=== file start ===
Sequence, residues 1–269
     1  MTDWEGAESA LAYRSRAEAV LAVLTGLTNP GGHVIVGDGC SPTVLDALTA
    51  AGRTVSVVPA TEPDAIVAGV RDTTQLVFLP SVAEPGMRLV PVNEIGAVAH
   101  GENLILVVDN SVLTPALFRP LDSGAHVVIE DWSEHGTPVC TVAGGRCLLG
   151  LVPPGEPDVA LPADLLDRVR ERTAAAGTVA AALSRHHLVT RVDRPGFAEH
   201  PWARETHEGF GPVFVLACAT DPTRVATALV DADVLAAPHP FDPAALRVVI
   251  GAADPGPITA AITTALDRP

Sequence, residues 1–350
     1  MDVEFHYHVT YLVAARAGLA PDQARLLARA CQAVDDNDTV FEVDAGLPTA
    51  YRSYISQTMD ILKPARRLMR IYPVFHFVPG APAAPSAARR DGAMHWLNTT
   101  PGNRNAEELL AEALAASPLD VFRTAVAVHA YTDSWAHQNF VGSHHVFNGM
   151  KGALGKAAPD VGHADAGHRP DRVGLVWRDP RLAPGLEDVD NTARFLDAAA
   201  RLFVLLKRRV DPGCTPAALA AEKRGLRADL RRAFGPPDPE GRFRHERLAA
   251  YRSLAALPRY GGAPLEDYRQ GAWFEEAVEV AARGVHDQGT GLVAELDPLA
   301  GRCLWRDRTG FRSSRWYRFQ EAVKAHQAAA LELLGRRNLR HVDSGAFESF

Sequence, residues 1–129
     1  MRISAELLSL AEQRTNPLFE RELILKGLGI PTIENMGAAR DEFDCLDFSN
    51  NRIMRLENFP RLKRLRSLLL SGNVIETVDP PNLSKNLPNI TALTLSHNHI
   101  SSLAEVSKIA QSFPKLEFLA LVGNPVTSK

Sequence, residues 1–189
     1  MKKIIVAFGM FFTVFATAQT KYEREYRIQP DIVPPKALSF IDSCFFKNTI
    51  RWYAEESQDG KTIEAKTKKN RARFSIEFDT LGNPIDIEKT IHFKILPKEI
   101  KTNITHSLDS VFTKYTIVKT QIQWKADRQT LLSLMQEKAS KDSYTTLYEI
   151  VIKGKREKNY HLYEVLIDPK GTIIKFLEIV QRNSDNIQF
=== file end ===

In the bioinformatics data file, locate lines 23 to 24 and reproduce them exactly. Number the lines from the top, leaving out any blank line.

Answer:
   101  KTNITHSLDS VFTKYTIVKT QIQWKADRQT LLSLMQEKAS KDSYTTLYEI
   151  VIKGKREKNY HLYEVLIDPK GTIIKFLEIV QRNSDNIQF